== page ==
Over the lychgate at St Mary’s is a carving, picked out in gold, that says our churchyard was established as a holy place for high and low, rich and poor, to rest together. And to some extent that elegy to openness and equality remains true today. Anyone who dies within the local area of our parish or who attends services at St Mary’s is able to have their ashes buried in our churchyard; and the church community is currently working to establish another dedicated area within the churchyard to allow this practice to continue.
But there is an offence against this principle of acknowledging the shared and equal value of all human lives in the eastern corner of our churchyard, standing to overlook Oak Hill Park. There stands a memorial to a life that is not marked by a slab or a gravestone, or still less by some of the wooden grave markers whose oak frames have somehow survived, weathered and worm-eaten, for 200 years.
The ornate, 2 storey high monolith that stands there makes it easy to tell who was once the highest of the high and richest of the rich, for he was the most powerful individual memorialised in our churchyard. His monument is so big that it was intended to be visible from his family home, Oak Hill House (now Oak Hill Theological College), which is about a mile away.
This memorial stands to the memory of Sir Simon Haughton Clarke, who was at one stage the seventh richest man in England outside of the royal family. As well as being the owner of Oak Hill House, much of the surrounding parkland, and an extensive collection of expensive art, he was the owner of 4110 human souls.
For Simon Haughton Clarke was a slave owner, and to work on his Jamaican estates producing sugar and rum to be exported to English markets he or his agents or his immediate family owned 4110 slaves, according to estimates recorded to establish the level of compensation to be paid to him for the loss of these ‘possessions’ following the abolition of slavery within the British Empire in 1832.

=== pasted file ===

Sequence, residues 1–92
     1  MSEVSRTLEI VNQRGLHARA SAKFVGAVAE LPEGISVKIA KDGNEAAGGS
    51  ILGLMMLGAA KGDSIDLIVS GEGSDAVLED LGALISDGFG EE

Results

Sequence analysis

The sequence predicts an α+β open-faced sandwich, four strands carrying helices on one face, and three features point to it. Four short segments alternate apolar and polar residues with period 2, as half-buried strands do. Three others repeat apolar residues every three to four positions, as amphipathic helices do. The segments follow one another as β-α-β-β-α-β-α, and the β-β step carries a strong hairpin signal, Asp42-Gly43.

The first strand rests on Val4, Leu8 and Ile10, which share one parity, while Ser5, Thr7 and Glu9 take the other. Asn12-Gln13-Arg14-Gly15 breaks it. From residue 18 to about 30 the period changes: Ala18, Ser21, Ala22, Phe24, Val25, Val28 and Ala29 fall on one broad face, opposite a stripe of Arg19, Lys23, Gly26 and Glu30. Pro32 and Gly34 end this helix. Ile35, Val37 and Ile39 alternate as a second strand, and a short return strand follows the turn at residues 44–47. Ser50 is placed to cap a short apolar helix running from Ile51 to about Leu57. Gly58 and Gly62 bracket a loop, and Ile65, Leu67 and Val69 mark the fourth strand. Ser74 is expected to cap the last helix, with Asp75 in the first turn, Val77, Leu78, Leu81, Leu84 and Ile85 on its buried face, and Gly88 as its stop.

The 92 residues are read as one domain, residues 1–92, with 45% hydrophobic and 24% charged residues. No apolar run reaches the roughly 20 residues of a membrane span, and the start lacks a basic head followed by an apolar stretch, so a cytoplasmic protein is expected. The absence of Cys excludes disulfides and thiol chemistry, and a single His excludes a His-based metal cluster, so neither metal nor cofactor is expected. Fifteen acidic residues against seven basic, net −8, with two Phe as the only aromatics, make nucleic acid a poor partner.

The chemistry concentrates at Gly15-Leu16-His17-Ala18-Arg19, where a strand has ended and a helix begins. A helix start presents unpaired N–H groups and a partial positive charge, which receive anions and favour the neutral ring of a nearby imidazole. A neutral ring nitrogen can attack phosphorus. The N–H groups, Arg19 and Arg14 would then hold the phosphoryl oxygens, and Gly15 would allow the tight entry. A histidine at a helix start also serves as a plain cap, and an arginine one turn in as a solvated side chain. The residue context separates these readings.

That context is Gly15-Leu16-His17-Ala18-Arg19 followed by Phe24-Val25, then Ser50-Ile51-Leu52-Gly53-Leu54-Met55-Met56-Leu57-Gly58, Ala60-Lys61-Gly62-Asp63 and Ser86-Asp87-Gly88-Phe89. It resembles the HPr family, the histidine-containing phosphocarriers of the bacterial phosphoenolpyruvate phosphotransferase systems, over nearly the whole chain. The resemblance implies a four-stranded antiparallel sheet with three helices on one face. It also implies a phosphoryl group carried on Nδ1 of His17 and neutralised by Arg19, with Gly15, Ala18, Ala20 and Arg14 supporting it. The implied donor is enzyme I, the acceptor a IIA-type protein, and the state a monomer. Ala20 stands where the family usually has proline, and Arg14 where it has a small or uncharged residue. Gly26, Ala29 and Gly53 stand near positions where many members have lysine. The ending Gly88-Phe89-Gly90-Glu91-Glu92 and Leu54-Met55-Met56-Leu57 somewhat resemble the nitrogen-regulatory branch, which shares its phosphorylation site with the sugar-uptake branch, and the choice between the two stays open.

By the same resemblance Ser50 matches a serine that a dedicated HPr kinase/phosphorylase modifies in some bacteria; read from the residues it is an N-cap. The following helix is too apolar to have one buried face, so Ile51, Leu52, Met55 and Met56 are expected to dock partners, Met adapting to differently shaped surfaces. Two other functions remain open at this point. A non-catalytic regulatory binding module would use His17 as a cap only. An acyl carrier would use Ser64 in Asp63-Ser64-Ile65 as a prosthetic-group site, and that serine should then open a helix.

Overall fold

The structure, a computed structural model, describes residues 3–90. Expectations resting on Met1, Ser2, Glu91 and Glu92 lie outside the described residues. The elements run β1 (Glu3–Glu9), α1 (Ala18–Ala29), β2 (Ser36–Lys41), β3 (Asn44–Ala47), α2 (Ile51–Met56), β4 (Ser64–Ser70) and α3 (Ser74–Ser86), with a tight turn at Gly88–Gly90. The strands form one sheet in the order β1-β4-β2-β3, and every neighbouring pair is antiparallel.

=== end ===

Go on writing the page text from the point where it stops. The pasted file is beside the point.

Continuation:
This claim of ownership over and abuse of black lives was, of course, far more of an offence against God’s love for all humanity and His desire to rescue all those who are oppressed and enslaved, than the building of the monument that still stands in our churchyard. But the monument’s existence, and its unchallenged, uncontextualized pride in the greatness of Simon Haughton Clarke, shocks me.
It shocks me into an awareness of how consistently the magnificence of the rich and powerful is remembered, when the very source of their wealth lies in the denial of freedom to others; and when there is a lack of memorial to the suffering that such men caused – to the suffering that enriched them, and also enriched our community and nation.
To those who he claimed to own, there is no memorial, other than perhaps the shadow cast on a clear day by Simon Haughton Clarke’s monolith: indicating an darkened absence of real public acknowledgement of the evil of their enslavement. And, similarly, the only record of the suffering caused on his Jamaican estates lies in the records of compensation paid out in exchange for those goods of which he was deprived by the abolition of slavery – and when I say goods, I mean the lives of black men, women and children, kept and forced to labour for the profit of our parishioner at the crack of an overseers whip.
Placing the Clarke monument in a more accurate historical context, which we might do be looking at it anew, means acknowledging that far away from East Barnet occurred events from which our community and its members benefitted; that they were enriched by the horrors and pain caused by slavery.
And because time – even to a historian – is not a fixed and static power, it also means making the effort to learn more of how the legacy of slavery continues to adversely affect ethnic minority communities here and now, for in part their inequal position in western society is still rooted in the racist justifications once invented to excuse the barbarism of the claim that one man might own another human.
Placing the Clarke monument in a more humane context means challenging ourselves, through an effort of information and imagination, to really discover the tragic and painful lives harmed by this one man who claimed he might own 4110 others.
Placing it a more godly context, which seems fitting given where it stands, means not condemning the errors of the past as if modern humanity is without its own monumental cruelties. It means being shocked, even knowing of their present problems, by our continued inability to truly live and die in the knowledge that in God and to God there is no inequality or division of the slave or the free: and that the words of eternal life are strangely liberating to the oppressed of every time and place.